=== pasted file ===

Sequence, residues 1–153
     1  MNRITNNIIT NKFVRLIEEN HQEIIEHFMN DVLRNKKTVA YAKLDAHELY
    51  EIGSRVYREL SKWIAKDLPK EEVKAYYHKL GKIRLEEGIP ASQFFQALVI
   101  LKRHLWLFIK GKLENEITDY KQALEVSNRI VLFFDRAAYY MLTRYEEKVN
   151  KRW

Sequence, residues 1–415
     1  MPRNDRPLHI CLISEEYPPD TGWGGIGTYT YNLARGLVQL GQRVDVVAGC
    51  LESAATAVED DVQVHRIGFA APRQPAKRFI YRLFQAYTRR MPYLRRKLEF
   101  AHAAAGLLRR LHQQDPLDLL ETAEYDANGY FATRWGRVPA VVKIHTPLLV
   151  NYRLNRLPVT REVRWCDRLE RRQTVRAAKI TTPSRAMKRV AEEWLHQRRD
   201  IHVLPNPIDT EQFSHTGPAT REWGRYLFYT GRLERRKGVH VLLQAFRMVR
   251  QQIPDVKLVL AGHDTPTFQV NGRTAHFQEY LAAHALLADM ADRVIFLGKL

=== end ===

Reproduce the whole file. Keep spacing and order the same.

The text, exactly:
Sequence, residues 1–153
     1  MNRITNNIIT NKFVRLIEEN HQEIIEHFMN DVLRNKKTVA YAKLDAHELY
    51  EIGSRVYREL SKWIAKDLPK EEVKAYYHKL GKIRLEEGIP ASQFFQALVI
   101  LKRHLWLFIK GKLENEITDY KQALEVSNRI VLFFDRAAYY MLTRYEEKVN
   151  KRW

Sequence, residues 1–415
     1  MPRNDRPLHI CLISEEYPPD TGWGGIGTYT YNLARGLVQL GQRVDVVAGC
    51  LESAATAVED DVQVHRIGFA APRQPAKRFI YRLFQAYTRR MPYLRRKLEF
   101  AHAAAGLLRR LHQQDPLDLL ETAEYDANGY FATRWGRVPA VVKIHTPLLV
   151  NYRLNRLPVT REVRWCDRLE RRQTVRAAKI TTPSRAMKRV AEEWLHQRRD
   201  IHVLPNPIDT EQFSHTGPAT REWGRYLFYT GRLERRKGVH VLLQAFRMVR
   251  QQIPDVKLVL AGHDTPTFQV NGRTAHFQEY LAAHALLADM ADRVIFLGKL